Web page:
The two Jews of the title are Melbourne actor, director and designer Gideon Obarzanek and director and choreographer Brian Lipson, playing their fathers, who meet unexpectedly in the foyer of the theatre while waiting for their two sons to perform modern dance.
They are both early. One has not put his watch back after coming from Melbourne and the other has come straight in from London. There is a very slow build of tension from mundane matters: the half-hour time difference from Melbourne, public transport in Adelaide (full marks for our suburban bus from the airport), odd place names in Australia.
The style is conversational, quirkily realistic, with good use of Pinter-esque pauses. We are getting to know these guys.
Eventually they discover that their sons are appearing in the show together (they don’t agree with this whole modern dance thing – people wrestling around in the nude). And then we get to Jewishness.
The feeling has been of experimental theatre from the start. The two old guys sit on stage in their uncomfortable (so they say) stools as the audience files in. Two metres of butcher’s paper are taped to the floor, a cheat sheet with the framework of the show marked in heavy black Texta. Some of the experiments work better than others. Lipson skips a section from the butcher’s paper structure and Obarzanek reminds him to go back; they refer to the sheet often.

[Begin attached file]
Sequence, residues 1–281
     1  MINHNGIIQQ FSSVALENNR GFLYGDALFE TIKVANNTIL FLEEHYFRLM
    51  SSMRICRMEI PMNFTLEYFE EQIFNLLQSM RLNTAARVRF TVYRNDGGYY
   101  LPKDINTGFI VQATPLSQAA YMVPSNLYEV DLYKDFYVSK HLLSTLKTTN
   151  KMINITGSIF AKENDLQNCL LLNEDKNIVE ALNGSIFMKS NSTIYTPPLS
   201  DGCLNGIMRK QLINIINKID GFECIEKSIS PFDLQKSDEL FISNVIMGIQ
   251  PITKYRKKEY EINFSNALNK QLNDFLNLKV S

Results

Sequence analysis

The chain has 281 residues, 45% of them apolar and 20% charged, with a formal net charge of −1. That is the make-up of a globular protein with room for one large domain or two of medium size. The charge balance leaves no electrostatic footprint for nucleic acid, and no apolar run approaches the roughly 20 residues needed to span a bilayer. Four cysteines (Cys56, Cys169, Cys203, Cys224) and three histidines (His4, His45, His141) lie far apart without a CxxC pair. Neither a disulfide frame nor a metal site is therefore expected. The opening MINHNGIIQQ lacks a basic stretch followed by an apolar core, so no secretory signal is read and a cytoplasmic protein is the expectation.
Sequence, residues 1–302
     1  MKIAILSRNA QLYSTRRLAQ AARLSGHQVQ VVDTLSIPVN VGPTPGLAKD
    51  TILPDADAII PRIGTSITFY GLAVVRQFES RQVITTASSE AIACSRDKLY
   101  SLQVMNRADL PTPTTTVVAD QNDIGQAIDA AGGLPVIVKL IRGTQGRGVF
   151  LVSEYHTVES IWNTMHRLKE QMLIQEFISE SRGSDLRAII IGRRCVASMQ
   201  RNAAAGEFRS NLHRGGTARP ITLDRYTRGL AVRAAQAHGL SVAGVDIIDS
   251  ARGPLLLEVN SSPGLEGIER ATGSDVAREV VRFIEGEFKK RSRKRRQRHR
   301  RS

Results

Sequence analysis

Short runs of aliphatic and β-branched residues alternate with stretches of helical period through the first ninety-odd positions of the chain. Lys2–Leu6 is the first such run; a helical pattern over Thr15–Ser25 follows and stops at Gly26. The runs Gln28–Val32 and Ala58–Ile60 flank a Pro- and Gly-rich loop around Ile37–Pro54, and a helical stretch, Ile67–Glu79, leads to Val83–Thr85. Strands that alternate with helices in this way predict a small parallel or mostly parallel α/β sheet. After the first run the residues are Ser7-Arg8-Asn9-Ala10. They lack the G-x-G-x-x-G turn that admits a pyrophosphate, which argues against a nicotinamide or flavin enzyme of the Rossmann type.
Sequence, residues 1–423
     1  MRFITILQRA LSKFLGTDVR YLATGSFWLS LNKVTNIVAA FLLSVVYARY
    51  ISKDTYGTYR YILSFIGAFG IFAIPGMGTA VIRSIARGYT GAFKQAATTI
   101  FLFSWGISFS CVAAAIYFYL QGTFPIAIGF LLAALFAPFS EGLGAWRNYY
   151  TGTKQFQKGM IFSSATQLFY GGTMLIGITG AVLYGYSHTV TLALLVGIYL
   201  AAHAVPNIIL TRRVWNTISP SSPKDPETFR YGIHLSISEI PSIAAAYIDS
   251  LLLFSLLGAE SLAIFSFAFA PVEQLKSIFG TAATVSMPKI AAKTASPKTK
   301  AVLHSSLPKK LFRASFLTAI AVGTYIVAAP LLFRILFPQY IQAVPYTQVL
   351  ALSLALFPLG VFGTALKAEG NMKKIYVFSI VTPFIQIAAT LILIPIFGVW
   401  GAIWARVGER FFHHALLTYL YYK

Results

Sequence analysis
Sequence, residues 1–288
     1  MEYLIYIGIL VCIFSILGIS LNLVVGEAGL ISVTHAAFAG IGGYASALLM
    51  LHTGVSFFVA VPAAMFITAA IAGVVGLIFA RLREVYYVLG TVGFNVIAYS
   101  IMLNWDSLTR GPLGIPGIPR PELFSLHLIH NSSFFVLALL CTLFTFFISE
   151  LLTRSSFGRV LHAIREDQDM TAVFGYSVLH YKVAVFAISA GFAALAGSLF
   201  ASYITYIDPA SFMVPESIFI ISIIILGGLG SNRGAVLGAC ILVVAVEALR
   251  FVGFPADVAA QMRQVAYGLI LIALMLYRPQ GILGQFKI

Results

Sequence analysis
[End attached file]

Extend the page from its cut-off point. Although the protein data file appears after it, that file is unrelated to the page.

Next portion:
When the arguments over Israel begin, the transition to shouting and anger comes suddenly, almost inexplicably, in two separate spasms. And they are brief. The debate is over before it starts. The emphasis throughout is on the father/son relationship rather than politics or Israel or Jewishness.
These two actors met during a fellowship in 2011 and hit on the idea of having a conversation as their own fathers. They play on the experience that everyone has of hearing their parents’ voices coming from their own mouths. As Lipson says: “I would recommend this form of therapy to anyone.”
This parent relationship theme is played up further by the surprise ending.
The two actors disappear in a faux ending behind a curtain which rises to find them beginning a modern dance sequence, choreographed by Lucy Guerin (who is also the play’s director), perhaps in ironic tribute from these two old guys to their sons. They roll around on the floor (not naked); it is half-serious, half-comic and well-executed, and was well appreciated by last night’s full house.
Two Jews Walk Into a Theatre is as the Odeon Theatre, Norwood, until March 10. See more Adelaide Festival stories and reviews here.
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